Wednesday, April 01, 2009

TOP STORY >> Water-rate increase bigger than expected

Leader staff writer

Jacksonville Water Department rates will jump 51 percent during the next five years if the city council approves it on April 16.

If passed, the increase could take place the next day, Shada Roberts, an engineer with Garver Engineers, told the Jacksonville Rotary Club on Monday in explaining the rate hikes.

Garver Engineers and HDR Engineering of Bellevue, Wash., consultants for Jacksonville Water Works, are recommending a 13 percent increase in 2009, with another 13 percent increase in 2010 as well as in 2011.

Rates in 2012 would increase another 8 percent and then 4 percent more in 2013. Rates will be reviewed again in 2014.

“That’s about a 50 percent increase over the next five years, and I know that is a pretty good hike, but that will equal $24 million, which is half of what we need for improvements,” said Mike Simpson, manager of Jacksonville Water Works, following the meeting.

“These are tentative numbers, but are the closest that we know,” Simpson said. “We don’t want people to say that they didn’t know once it is approved. This is how it is going all across the country – it is costing more and more to produce a gallon of clean water. But it is still a great deal — $2.50 will buy you a thousand gallons of water, but only one gallon of gas.”

The increase would be the same for all customer classes – inside and outside Jacksonville city limits, wholesale, retail, both commercial and residential meters.

For typical household usage – an average of 6,000 gallons per month – the increase the first year would be an estimated $4 per month.

Simpson emphasized that the Jacksonville Water Commission has not voted on the recommended rate increase. That will happen at a special meeting next week.

Existing reserves and the rate increase will provide half of the $48 million needed for system improvements to meet water demand to the year 2050. Between now and 2011, half of that amount is needed to build transmission lines, a meter station and mains to increase the flow of water from CAW sources.

A possible change in the rate structure would give a break to low-use customers, many of them on a limited income.

With the new rate structure, water would get more expensive, the more that is used – which is the reverse of how rates are now structured. At last week’s water commission meeting, members favored that idea, a growing national trend to encourage conservation.

“People need to realize that as they use more water, the rate will go up,” Simpson said. “The 20,000- to 50,000-gallon (per month) users will be paying quite a bit more.”

The rate change has been triggered by two things. The price of water that Jacksonville purchases from Central Arkansas Water went up 1 percent in January, and the utility needs its customers to bear that cost.

Secondly, the increase is based on the findings of a rate study that occurs every five years as part of an update to the Jacksonville Water Works master plan. Conducted by Garver Engineers, the master plan assesses water needs, water sources and system improvements to the year 2050.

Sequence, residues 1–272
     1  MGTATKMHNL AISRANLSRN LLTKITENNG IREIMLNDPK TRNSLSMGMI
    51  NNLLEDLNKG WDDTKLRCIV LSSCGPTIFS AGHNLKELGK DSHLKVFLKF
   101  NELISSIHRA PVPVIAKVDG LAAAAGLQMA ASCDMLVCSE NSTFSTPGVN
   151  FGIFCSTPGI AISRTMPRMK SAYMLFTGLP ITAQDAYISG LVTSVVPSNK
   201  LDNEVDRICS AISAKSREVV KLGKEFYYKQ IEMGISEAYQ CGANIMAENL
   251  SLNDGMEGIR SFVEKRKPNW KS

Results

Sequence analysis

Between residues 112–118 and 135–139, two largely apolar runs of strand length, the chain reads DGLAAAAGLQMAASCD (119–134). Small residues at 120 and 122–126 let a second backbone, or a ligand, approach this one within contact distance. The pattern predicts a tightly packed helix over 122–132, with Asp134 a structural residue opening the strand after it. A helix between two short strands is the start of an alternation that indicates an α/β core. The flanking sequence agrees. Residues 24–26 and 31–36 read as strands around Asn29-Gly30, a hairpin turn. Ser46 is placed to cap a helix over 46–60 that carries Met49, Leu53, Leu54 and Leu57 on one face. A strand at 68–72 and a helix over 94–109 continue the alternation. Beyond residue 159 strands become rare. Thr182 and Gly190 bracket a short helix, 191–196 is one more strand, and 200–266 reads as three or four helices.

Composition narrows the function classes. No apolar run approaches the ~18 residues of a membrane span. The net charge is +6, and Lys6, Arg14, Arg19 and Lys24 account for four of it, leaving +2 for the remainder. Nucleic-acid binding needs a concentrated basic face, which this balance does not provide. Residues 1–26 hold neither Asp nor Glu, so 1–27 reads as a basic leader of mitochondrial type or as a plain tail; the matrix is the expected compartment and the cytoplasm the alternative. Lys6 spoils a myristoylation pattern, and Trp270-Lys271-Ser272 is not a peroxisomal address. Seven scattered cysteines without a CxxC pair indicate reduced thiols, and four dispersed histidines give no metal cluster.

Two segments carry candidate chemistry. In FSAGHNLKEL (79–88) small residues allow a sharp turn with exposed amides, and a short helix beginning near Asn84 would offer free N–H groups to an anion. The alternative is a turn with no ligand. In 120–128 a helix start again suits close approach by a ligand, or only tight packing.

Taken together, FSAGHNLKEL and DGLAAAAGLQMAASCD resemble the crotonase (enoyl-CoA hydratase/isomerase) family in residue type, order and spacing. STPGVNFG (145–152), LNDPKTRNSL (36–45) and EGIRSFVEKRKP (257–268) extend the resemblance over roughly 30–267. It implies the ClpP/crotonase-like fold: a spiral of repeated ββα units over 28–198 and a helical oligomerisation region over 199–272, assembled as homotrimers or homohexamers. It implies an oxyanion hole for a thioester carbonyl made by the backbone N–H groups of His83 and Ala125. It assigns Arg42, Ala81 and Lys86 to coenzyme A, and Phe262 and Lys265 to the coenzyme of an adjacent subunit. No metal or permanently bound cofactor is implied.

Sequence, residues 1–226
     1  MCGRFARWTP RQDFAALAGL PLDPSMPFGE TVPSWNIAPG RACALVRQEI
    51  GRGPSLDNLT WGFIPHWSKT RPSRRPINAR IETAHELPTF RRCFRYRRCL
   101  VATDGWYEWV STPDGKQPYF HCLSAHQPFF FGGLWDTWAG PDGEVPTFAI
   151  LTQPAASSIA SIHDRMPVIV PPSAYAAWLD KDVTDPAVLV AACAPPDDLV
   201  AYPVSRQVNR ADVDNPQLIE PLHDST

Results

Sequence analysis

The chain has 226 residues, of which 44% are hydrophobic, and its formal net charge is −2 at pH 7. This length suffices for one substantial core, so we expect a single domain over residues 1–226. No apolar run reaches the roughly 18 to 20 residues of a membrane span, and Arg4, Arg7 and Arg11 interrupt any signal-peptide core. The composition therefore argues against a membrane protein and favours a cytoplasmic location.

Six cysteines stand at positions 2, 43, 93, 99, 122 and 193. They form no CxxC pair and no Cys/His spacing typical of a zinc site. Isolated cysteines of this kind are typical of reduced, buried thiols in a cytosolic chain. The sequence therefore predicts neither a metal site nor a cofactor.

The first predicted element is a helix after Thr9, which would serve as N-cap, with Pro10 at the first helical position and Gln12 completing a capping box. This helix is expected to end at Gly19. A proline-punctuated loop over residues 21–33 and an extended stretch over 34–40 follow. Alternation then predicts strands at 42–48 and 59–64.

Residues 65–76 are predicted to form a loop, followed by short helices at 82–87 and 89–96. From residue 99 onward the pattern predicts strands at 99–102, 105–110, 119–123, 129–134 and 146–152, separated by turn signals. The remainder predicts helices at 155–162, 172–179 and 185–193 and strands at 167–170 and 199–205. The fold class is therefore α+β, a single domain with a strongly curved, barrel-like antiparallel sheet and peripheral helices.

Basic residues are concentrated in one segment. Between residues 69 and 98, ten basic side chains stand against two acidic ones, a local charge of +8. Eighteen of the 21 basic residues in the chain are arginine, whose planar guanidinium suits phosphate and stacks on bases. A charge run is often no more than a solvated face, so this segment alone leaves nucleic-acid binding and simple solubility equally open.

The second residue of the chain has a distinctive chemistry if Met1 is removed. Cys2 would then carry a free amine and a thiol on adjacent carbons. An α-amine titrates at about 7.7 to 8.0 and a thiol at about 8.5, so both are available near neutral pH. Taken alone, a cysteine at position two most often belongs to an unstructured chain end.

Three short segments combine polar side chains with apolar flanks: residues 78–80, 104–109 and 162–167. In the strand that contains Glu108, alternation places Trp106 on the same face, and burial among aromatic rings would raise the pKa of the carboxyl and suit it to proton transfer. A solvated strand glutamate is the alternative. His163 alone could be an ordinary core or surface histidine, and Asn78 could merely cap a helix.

“We have been paying for a rate increase without being covered,” said Simpson.

The rate study, which cost $80,000 and is being done by Shawn Koorn of HDR Engineering, has brought the true long-range costs of producing water into focus. Considered were current and projected demand, debt-service obligations, revenues, capital improvements, operating and replacement costs, and the price for water purchased from Central Arkansas Water.

The rest of the $48 million needed for improvements will likely come from a combination of bonds and low- or no-interest loans. Federal stimulus money is also a possible source. Options are being explored now, Simpson said.

Jacksonville currently depends on CAW to meet half of its water demand, which averages 4.9 million gallons per day. The rest of the water comes from well fields located southeast of Jacksonville. By 2050, demand is projected to climb to 12 million gallons per day.

“By 2017, all the wells are expected to be below what can be used,” Roberts said.

Also figured into the rate increase is Jacksonville’s share in construction costs for the Lonoke White County water project.

Last week, the water commissioners voted to go forward with a contract to purchase 1.2 million gallons of water per day from Greers Ferry Lake. The water may not be needed for years, but commissioners favored having an alternate water supply in case of a breakdown with the CAW system.

Not being totally dependent on CAW is a good thing, agreed Rotary member Ben Rice.

“In the event of a terrorist attack on the I-430 bridge, we need a good alternate source of water in the event of that happening,” Rice said. “Also, another water source is good for business – lets you pick and choose” from whom to buy water.

Jacksonville customers’ share of Lonoke White construction costs are built into the proposed rate hike. For the first two years, it would be $2.50 per meter per month. After that, it would be $5 per meter per month for an estimated 20 years.

All of that will pay for a 24-inch transmission line to bring water from Greers Ferry Lake to a distribution point located between Ward and Cabot, as well as a treatment plant.

The project, which will be working in four years, looks like a strong candidate for federal stimulus funds.

“It is one of the big projects in the state that would qualify for the stimulus money,” Simpson said. “When the coins start rolling down hill, we want to be in their path.”